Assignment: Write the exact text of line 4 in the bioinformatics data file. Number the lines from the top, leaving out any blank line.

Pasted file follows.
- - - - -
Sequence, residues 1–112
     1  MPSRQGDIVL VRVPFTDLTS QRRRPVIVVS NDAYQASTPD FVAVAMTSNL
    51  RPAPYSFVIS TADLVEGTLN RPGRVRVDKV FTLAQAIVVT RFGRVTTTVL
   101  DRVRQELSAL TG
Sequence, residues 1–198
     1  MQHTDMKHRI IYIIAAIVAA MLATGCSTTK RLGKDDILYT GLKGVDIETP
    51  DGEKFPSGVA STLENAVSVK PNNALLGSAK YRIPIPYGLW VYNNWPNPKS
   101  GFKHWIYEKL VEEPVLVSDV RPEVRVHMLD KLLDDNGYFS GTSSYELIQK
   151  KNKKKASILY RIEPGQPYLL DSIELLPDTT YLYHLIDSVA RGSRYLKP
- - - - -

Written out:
   101  DRVRQELSAL TG